On 23 April 1954, a student at Moore College, Sydney, was listening to a history lecture by Marcus Loane, being part of a series on Paul and Acts.
It was a day not to be forgotten by W. J. Lawton, who would later speak of the ‘breath-taking grandeur’ of the address and would add, ‘For the very spell-binding wonder of it all, there were times when you could take no notes. As Canon Loane expounded the doctrine of the unmerited grace of God, I committed my life to Christ’ (Blanch, pp. 356-7).
That same year, 1954, saw the publication of Loane’s book, Masters of the English Reformation, on the other side of the world in London. The reading of it would have the same effect among some young men in England as was known at Moore College. It opened a new universe of thought and feeling, inspired convictions, and remains in print today ‘as one of those books which communicates the writer’s enthusiasm to the reader, page by page’ (Timothy Dudley-Smith, in a foreword to the 2005 reprint by Banner of Truth).
Loane was possibly the first prominent evangelical since J. C. Ryle to teach history with the primary aim of demonstrating the impact of biblical truth. As a previous biographer had observed, ‘Loane’s history was homiletic. It illustrated reformation and evangelical truth.
It was not history in the orthodox historian’s sense of history, but it cannot be denied it was a powerful vehicle by which Loane communicated his message’ (J. R. Reid, Marcus L. Loane, a biography; Brunswick East, Victoria, Australia: Acorn, 2004). Which is to say, that Loane regarded the Christian faith, both in Scripture and in history, as a message to be preached.
This was to be a characteristic of many of his books. Whether he is writing of William Tyndale or of men in more recent years, his interest was in writing something of importance for the gospel. He wanted his students and readers to be inspired with greater devotion to Christ.
This is a theme to which true Christians are inevitably drawn, and the many around the world who have benefitted from the Loane titles will surely want to see Allan Blanch’s beautifully produced and thoroughly researched new biography. The list given of Loane’s publications extends to six pages.
There will be readers for whom this volume will have particular interest. Allan Blanch is an Australian writing for Australians, so there is naturally more here relating to Australian life, schools and evangelicalism than found in books published elsewhere. But, if the non-Australian reader is occasionally lost in the narrative, it will not be for long.
Another group for whom this book has special interest will be those who love the evangelical Anglican churchmanship maintained in the past by such men as Bishop Ryle, and which Loane sought to continue.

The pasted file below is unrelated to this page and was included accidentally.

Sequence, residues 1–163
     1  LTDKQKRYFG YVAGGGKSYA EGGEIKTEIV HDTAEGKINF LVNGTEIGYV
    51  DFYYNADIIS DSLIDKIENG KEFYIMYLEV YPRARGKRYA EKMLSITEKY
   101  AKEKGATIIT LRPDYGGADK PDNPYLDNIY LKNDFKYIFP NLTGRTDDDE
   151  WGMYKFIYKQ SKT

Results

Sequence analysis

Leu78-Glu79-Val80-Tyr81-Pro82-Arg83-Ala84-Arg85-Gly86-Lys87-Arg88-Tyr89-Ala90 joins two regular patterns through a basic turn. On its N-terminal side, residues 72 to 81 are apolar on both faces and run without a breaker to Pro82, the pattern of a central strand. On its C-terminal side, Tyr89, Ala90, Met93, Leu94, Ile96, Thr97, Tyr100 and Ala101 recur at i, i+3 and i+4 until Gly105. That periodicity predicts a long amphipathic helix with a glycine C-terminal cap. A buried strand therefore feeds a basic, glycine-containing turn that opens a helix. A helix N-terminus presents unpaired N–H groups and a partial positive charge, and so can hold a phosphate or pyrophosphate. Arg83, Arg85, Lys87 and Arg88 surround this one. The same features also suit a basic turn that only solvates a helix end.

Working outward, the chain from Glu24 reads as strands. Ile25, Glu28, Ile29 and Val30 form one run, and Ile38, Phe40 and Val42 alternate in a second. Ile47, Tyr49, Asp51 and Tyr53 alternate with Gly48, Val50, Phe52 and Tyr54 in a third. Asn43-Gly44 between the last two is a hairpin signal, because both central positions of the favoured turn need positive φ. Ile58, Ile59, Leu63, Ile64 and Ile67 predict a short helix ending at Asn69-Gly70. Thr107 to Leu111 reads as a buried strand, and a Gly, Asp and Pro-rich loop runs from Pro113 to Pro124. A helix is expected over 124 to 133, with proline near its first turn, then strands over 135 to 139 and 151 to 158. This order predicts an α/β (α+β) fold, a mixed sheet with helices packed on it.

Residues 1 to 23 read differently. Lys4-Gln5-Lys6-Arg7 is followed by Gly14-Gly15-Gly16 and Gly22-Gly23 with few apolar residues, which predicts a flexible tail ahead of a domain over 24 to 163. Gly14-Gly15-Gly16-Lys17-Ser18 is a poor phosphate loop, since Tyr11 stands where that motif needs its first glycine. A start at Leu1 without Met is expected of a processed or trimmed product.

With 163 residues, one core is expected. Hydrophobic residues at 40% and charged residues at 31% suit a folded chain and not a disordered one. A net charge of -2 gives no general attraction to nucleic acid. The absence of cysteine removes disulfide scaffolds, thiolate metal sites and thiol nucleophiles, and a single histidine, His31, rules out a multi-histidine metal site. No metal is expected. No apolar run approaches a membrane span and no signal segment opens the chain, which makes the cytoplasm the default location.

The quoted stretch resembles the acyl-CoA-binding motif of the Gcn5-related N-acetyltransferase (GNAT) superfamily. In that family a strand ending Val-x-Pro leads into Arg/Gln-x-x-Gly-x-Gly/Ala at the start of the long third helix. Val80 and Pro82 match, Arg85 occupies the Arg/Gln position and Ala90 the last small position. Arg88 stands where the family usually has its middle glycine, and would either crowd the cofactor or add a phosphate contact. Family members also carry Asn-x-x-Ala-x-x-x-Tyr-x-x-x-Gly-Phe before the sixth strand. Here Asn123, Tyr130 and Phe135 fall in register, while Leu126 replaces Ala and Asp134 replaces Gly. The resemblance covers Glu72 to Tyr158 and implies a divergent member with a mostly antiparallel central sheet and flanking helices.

How denominational loyalties relate to the gospel has become one of the most vexed questions inherited from the last century and it created tensions in Sydney, as elsewhere.
Readers will form their own judgment on how far Loane remains an example to clergy in this area. The subject has particular relevance to those seeking to maintain the biblical and Protestant tenets of the Thirty-Nine Articles in the Anglican Communion today.
On this subject there was a measure of difference between Loane and his brother-in-law, D. B. Knox. Both men ranked evangelicalism above Anglicanism, neither endorsed the popular ecumenism, yet there were points of tension which are thought-provoking and which remain relevant (Blanch, pp. 353-55). Knox was Principal of Moore College, 1959-1985 (For Knox, see D. Broughton Knox, Select works, 3 vols., Kingsford, NSW, Matthias Media, 2000-06; Sent by Jesus, some aspects of Christian ministry today, D. B. Knox, Edinburgh: Banner of Truth, 1992).
Marcus Loane, born Tasmania in 1911, was brought up in Sydney, where he studied at the King’s School. Raised in a Christian home, his commitment to Christ had been definite from the age of 14.
In recalling his youth, he noted how, during a week in which illness confined him to bed, he read J. C. Ryle’s Expository Thoughts on the Gospel of John: ‘It was the first commentary I had ever tried to read and it soon absorbed my mind and heart so completely that I could not put it aside. I know now that I read those two well-bound volumes at a time when a great hunger for truth had gripped my heart’ (Blanch, pp. 36-7).
This incident was probably when he was 18. About the same period, his spiritual life and ambitions were affected as he sat under the ministry of a Free Church of Scotland preacher from the Scottish Highlands, Rev. George Mackay, of whom he wrote: ‘I will never forget the sense of awe, the deep reverence, the solemnity of his preaching. His ministry left a lasting mark on my life’.
Mackay was preaching in Sydney in 1929, which was the year Marcus entered Sydney University. At that time he was sensing a call to the gospel ministry, which led him on to Moore Theological College to train for the ministry of the Anglican Church in Australia.
From there he moved on to assist in the Sydney parish of David James Knox, to whose counsel and friendship he owed much. The Australian Dictionary of Evangelical Biography,under ‘D. J. Knox (1875-1960)’, notes, Knox ‘was a constant user of the Bible, emphasising the doctrine of grace, rejoicing in the Reformation, promoting the evangelical cause’.
Loane’s debt included the hand of Knox’s daughter, Patricia, ‘the greatest prize I ever won was the heart of the noblest girl I ever knew’. A month after their wedding (December 1937), they sailed for a year in England, paid for by the bride’s grandmother who believed ‘people were not really educated until they had been to England’ (Blanch, p.66).
Certainly the twelve months in England and Scotland left a permanent impression and brought friendships which would be lifelong. One of these was with Dr Douglas Johnson, the general director of the Inter Varsity Fellowship, who was already a key behind-the-scenes figure in evangelical history.